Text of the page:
Part I

Chapter 1-3


Hosea, poor Hosea,

He wed a prostitute,

Who wasn’t rushing off to join

The Women’s Institute!


He was a faithful prophet,

Serving only God—

And this was where his Master led,

So this the path he trod.


And so he married Gomer,

Which must have cost him dear—

But he’d obeyed the voice of God

Speaking loud and clear.


Now Gomer was a roamer—

A Lady of the Nights—

And such a potent symbol of

The errant Israelites.


God’s people had forsaken him,

And sacrificed to Baal:

Their worship of the pagan gods

Was such a sorry tale…


(Have we not also done the same,

And turned our backs on God?

Worshipping at other altars,

Thinking nothing odd?)


When Gomer had her babies,

God appointed names—

Living symbols to the tribes

Of Israel and its shame.


He named the first one Jezreël,

Whose meaning is ‘God Sows’,

The promise of a distant hope,

In spite of Israel’s woes.


‘Not Loved’ He called the second child—

A label for a nation:

How could they turn their backs on Him,

The Lord of all creation?


Then ‘Not My People’ was the next,

Again a living proof—

Since Israel had rejected God,

Then He would keep aloof.


But God could not forsake them,

He loves, in spite of all,

And urged them to repentance

By stern Hosea’s call.


Part II

Chapter 4-14


No faithfulness or kindness,

Or knowledge of their God—

But swearing, lying, killing,

Adultery and fraud.


And so the land is mourning,

All living things decline,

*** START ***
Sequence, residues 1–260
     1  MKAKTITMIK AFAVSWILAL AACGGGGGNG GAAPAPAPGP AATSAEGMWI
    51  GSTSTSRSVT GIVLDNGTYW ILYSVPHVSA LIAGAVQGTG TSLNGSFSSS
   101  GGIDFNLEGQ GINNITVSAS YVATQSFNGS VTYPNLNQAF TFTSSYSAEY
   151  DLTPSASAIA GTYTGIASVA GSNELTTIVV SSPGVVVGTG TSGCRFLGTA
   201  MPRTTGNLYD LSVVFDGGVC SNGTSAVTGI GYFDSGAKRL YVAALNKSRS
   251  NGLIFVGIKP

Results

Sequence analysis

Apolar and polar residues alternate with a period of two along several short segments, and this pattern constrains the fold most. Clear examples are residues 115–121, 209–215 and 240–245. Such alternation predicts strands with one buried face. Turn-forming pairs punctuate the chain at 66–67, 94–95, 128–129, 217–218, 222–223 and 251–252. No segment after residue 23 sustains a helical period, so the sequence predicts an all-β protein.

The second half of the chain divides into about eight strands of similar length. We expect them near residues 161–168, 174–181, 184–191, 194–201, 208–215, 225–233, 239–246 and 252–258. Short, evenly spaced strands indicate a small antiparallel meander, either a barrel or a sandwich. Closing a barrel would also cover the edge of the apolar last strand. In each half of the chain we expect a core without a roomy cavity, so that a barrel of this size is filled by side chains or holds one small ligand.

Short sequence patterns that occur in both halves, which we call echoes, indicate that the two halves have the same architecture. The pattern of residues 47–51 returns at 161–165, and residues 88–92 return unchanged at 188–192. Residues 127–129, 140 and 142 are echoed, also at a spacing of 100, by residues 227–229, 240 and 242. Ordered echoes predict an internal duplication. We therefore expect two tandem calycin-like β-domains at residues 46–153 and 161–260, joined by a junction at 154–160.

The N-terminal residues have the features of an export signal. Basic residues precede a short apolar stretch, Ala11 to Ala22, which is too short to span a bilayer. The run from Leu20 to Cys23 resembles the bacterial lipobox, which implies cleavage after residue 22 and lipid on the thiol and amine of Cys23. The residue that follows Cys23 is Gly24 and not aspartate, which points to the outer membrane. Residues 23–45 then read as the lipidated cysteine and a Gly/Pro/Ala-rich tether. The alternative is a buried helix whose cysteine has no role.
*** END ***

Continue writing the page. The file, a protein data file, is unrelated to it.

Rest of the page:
Because the people have ignored

The Word of the Divine.


The priests forget their duty—

Neglect the law of God,

And Israel a stubborn heifer,

Fundamentally flawed!


But if they have a change of heart

And turn back to the Lord,

Then He will heal and bind them up,

And all will be restored.


He will come down like showers

In gentleness and love,

Like welcome rain in springtime

Falling from above.


He does not want your offerings,

Or any sacrifice:

For you to love and know him well—

That will suffice.


‘I feel Israel’s rejection

Repaying all my care;

Their worshipping of other gods

Is hard for me to bear.


‘I led them with compassion,

And showed them tenderness—

Their very yokes I softened,

Bending down to bless.


‘How can I give up Ephraim?

Or Israel, my child?

You fill me with compassion

That you are so defiled.


‘Return, O Israel, return—

My anger will not last;

I will heal up your faithlessness—

I will forgive your past.


‘Then I will love you freely,

And nurture you with care,

The fragrance of your blossoming

Will scent the evening air.


‘Then Israel will flourish—

His beauty like the lime—

And dwell beneath my shadow

Until the end of time.’


Helen Long